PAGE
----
February 21, 2012 | by Paul Wachter
Although V. S. Naipaul is my favorite living writer, I resisted reading Patrick French’s critically acclaimed biography of Sir Vidia, published in 2008, until last month. The reviews alone presented a deeply unflattering picture: Naipaul as misogynist, racist, skinflint, serial adulterer, and Hindu nationalist. (And to think the biography was authorized!)
But I had read nearly all of Naipaul’s work and some of it, including his best novel, A Bend in the River (from whose opening line, “The world is what it is,” French takes his title), many times. So when I happened across the biography at my local library, I picked it up thinking it was as close to a new work of Naipaul’s as I was likely to see.
It’s a masterful effort, a nimble admixture of critical appreciation and salacious gossip. But there were no real surprises in the text; the reviews had limned the most revealing and unsettling episodes of Naipaul’s life.
There was, however, a surprise buried in French’s acknowledgments. Among the hundred-odd names, sandwiched between Derek Walcott (Naipaul’s fellow Trinidadian and rival of sorts) and Andrew Wylie (Naipaul’s agent), was one Kanye West.
Now it’s true that the rapper-producer’s father is a former Black Panther, and Naipaul wrote an essay “Michael X and the Black Power Killings in Trinidad.” And West’s late mother was an English professor. Was it possible that Naipaul and West shared a connection beyond their inflated egos?
I e-mailed French. Read More »
December 28, 2011 | by Ramona Ausubel
We’re out this week, but we’re re-posting some of our favorite pieces from 2011 while we’re away. We hope you enjoy—and have a happy New Year!
For generous donations in support of their preservation, the animal mummies wish to thank the Institute for Unforbidden Geology, the Society for Extreme Egyptology, the Secret Chambers of the Sanctuary of Thoth Club, and President Hosni Mubarak, who may seem to have been around a long time, though not from a mummy’s point of view. They wish to thank the visitors who make it to this often-skipped corner of Cairo’s Egyptian Museum, which bears none of the treasure of King Tut’s tomb. And to the British colonial government, without whom the animal mummies might still be at rest, deep in granite tombs, cool and silent.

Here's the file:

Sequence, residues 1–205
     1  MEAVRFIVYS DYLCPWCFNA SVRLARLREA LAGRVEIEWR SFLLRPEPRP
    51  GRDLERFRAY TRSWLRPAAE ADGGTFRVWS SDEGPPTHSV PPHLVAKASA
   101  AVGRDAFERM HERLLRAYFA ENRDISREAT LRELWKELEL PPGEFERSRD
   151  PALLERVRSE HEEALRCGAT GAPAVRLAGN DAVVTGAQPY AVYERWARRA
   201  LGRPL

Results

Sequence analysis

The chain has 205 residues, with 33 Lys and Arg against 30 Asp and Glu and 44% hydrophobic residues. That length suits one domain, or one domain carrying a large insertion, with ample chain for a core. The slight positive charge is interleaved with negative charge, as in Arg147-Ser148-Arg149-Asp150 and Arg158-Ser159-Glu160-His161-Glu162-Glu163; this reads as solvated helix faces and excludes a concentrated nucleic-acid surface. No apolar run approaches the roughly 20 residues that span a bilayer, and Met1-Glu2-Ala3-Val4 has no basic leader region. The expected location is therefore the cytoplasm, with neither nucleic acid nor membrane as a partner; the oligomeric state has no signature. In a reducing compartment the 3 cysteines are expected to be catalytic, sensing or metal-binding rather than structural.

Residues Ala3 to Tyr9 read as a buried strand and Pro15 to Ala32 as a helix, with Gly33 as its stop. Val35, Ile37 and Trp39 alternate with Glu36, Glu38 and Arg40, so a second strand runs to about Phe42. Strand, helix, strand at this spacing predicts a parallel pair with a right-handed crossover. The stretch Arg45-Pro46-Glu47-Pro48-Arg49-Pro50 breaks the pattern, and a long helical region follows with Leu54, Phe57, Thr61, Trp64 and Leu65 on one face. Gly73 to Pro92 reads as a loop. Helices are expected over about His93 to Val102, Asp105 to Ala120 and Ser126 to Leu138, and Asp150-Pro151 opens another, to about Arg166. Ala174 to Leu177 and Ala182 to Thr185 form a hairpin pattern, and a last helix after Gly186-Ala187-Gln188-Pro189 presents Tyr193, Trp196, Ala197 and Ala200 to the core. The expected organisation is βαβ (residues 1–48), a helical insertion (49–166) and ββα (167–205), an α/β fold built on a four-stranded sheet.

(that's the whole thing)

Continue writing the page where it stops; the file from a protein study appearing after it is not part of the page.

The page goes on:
They would like to thank Hassan Massri of Cairo, Alistair Trembley of London, and Doris and Herbert Friedberg of Scarsdale, New York, for their support of climate-controlled cases to house the animal mummies for the rest of time. The animal mummies will admit they are somewhat surprised that this is what the afterlife has turned out to be: oak and glass cases, Windexed daily; a small room, tile floor, chipping paint; the smell of dust and old wood. Even for the permanently preserved, the future is full of surprises.
The animal mummies wish to thank their mothers—and their fathers, but mostly their mothers. Gauzy now, two thousand years later, they still remember being licked and suckled. The vole mummies remember the feel of their mothers' teeth grazing—painlessly, absentmindedly—across small, tufted cheeks. To be a vole like this, forever, unendingly as the vole mummies are, is to know humility. No one asks to be born a vole. No one dreams of millennia of voledom. The vole mummies would like to thank everyone who, through these drawn-out centuries, has not confused them with moles, muskrats, mice, or shrews. They would like it noted that they are proud to have been small enough to hide beneath the bed listening with their soft round ears to the pharaoh and the queen rattling toward a different kind of eternity. In their memories, they are a mighty brigade, moving soundlessly through the kingdom, pawing tubers on the banks of the Nile.